what is it, that I don't understand about python and lazy evaluation?

Erik Bernoth erik.bernoth at googlemail.com
Thu Aug 13 11:32:53 CEST 2009

Hi List,

look at the following code:

def evens():
    # iterator returning even numbers
    i = 0
    while True:
        yield i
        i += 2

# now get all the even numbers up to 15
L = [n for n in evens() if n < 15]

Isn't it strange, that this code runs (in a lazy language) for eternity? I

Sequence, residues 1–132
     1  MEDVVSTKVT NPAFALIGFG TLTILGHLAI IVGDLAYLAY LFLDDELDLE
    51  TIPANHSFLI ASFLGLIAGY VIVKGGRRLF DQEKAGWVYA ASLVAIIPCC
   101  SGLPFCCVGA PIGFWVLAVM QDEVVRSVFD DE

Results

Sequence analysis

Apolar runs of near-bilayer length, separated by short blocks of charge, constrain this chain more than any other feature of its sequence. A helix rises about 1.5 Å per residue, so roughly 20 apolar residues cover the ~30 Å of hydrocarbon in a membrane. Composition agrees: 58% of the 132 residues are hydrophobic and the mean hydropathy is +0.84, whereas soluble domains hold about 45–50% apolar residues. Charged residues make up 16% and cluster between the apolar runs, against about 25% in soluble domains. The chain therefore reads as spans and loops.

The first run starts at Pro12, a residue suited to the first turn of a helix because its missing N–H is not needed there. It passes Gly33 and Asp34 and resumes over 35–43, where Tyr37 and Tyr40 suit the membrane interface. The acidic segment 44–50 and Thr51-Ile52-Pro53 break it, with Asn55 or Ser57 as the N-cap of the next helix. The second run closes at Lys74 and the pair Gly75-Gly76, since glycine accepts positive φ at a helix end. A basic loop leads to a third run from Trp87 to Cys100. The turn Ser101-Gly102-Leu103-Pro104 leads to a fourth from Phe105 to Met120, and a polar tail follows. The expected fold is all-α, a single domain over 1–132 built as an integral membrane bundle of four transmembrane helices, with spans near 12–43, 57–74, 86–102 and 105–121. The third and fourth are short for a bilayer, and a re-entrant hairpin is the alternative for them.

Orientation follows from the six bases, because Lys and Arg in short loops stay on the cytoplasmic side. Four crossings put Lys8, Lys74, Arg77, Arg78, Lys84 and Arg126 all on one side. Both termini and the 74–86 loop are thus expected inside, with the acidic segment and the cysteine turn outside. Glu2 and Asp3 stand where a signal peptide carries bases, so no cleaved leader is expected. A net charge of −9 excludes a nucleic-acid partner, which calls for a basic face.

would expect python to to spit out (in no time):
>> L
[0, 2, 4, 6, 8, 10, 12, 14]

after 14 it is not nessesary to evaluate evens() any further.

I really started to ask myself if python really is lazy, but everything else
I wrote in lazy style still worked. Example:
>> def test(txt, retval):
..    print(txt)
..    return retval
>>> test(1, True) or test(2, True)
>>> test(1, True) and test(2, True)

Can anybody explain what happens with evens()?

best regards
Erik Bernoth

PS: The code comes from a list post from 2006. You find it here:
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